I’m about to start studying, which will hopefully lead to part time work. I’ve been out of the workforce for three years. The work I hope to be able to do will be involving working in a classroom environment which means I can’t be in crippling pain or running to the bathroom every five minutes. My irritable bowel syndrome controls a lot of my life and I have missed a few important events due to it.

I will take Imodium on a day that is sure to be stressful or a new experience that I know my stomach will react to. Even though I able to calm my mind down I seem to be unable to calm my stomach down.

 

My ultimate goal was to work from home for two reasons, one being available to attend my children’s school events and the other being my IBS. Anyone who has ever experienced this knows how fickle IBS can be. You eat something one time and you’re fine then next time you have it, it makes you incredibly sick. An experience you have had many times before like dinner out somewhere or even at family’s house can still lead to a flare up. I know my non-safe foods and I don’t tempt fate so it’s extremely frustrating when you have a flare up and someone tells you not to eat the food you can’t have. I try to explain that I didn’t but it seems to fall on deaf ears.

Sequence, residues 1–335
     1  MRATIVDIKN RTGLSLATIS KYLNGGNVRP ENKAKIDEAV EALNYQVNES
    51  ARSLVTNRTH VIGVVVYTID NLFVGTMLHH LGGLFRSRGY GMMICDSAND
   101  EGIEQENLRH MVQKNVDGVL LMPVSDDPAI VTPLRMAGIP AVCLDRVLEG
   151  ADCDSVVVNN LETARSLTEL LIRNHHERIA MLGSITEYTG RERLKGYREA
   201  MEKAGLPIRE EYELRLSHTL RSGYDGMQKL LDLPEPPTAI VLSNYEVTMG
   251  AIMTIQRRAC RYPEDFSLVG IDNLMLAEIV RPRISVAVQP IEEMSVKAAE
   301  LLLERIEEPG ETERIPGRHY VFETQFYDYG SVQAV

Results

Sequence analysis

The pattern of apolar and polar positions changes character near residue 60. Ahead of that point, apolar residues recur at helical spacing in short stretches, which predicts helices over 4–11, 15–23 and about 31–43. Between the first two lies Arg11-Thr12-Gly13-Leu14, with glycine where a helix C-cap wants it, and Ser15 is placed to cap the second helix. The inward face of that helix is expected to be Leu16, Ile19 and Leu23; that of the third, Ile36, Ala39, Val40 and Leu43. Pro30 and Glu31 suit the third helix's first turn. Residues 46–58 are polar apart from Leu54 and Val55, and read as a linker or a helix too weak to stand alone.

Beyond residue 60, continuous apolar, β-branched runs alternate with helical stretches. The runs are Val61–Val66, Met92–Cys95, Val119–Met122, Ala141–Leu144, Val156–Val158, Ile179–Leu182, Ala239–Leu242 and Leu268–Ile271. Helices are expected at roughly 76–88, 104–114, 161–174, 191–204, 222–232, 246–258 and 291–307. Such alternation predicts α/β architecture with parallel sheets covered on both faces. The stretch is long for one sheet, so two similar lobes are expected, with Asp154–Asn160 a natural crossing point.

I have been known to plan what we eat with the events of tomorrow in mind. No new foods or foods that once made me sick five years ago. No spices and nothing to rich. Bland trusted foods, not that you can really ever trust a food when you have IBS in my experience anyway.  The morning of my wedding I took half an Imodium. Weddings are stressful and being the centre of attention can be scary for someone like me and my dress was not bathroom friendly. Taking medication may work for major events but I can’t take it every day just to attend work. Some users of Imodium find that they can build a tolerance over time and need to take more for it to be effective. Another side effect for me is not being able use the bathroom for up to four days after a small dose.

 

My study will include attending campus sometimes and work placement.  That’s even before I gain employment.  Honestly I don’t know what I’m going to do, or how I’m going to plan for a flare up. I hate not being able to trust my body to just behave normally. I hate having to think about what to bring with me every time I leave the house.  A long drive can be emotionally taxing for me and everyday events can be a source of anxiety. When you mention to someone that you are sick they expect you to be unwell for more than one day when really sometimes a flare up will only last a day and you can seem perfectly fine the next day.

 

I hope that once I have settled into a new position when I begin working that flares up will be less common but I can’t fully rely on that to happen. As other sufferers will know you can only ever take each day as it comes with a condition like IBS.

 

 

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One thought on “Living With A Chronic Illness

  1. yup children is the most important thing, its not a bad thing to work at home. we can keep our children under our sight so they can feel comfort and also we can avoid them from bad thing.

    Like

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